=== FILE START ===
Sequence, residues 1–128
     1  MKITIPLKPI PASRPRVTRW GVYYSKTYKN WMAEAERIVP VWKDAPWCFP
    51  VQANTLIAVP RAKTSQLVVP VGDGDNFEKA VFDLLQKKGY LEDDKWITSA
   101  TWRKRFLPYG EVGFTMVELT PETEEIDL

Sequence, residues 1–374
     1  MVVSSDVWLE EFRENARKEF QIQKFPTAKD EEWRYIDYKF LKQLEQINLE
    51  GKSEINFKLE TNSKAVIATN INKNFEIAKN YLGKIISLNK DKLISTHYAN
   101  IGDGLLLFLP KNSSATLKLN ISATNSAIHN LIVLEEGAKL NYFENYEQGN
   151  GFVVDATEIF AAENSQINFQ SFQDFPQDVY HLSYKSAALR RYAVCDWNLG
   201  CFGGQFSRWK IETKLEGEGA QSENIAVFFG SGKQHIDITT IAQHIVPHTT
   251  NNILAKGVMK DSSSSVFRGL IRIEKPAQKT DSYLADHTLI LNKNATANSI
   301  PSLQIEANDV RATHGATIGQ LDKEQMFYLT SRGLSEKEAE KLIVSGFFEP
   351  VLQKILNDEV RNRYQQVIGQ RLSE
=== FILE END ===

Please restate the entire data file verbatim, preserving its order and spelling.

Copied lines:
Sequence, residues 1–128
     1  MKITIPLKPI PASRPRVTRW GVYYSKTYKN WMAEAERIVP VWKDAPWCFP
    51  VQANTLIAVP RAKTSQLVVP VGDGDNFEKA VFDLLQKKGY LEDDKWITSA
   101  TWRKRFLPYG EVGFTMVELT PETEEIDL

Sequence, residues 1–374
     1  MVVSSDVWLE EFRENARKEF QIQKFPTAKD EEWRYIDYKF LKQLEQINLE
    51  GKSEINFKLE TNSKAVIATN INKNFEIAKN YLGKIISLNK DKLISTHYAN
   101  IGDGLLLFLP KNSSATLKLN ISATNSAIHN LIVLEEGAKL NYFENYEQGN
   151  GFVVDATEIF AAENSQINFQ SFQDFPQDVY HLSYKSAALR RYAVCDWNLG
   201  CFGGQFSRWK IETKLEGEGA QSENIAVFFG SGKQHIDITT IAQHIVPHTT
   251  NNILAKGVMK DSSSSVFRGL IRIEKPAQKT DSYLADHTLI LNKNATANSI
   301  PSLQIEANDV RATHGATIGQ LDKEQMFYLT SRGLSEKEAE KLIVSGFFEP
   351  VLQKILNDEV RNRYQQVIGQ RLSE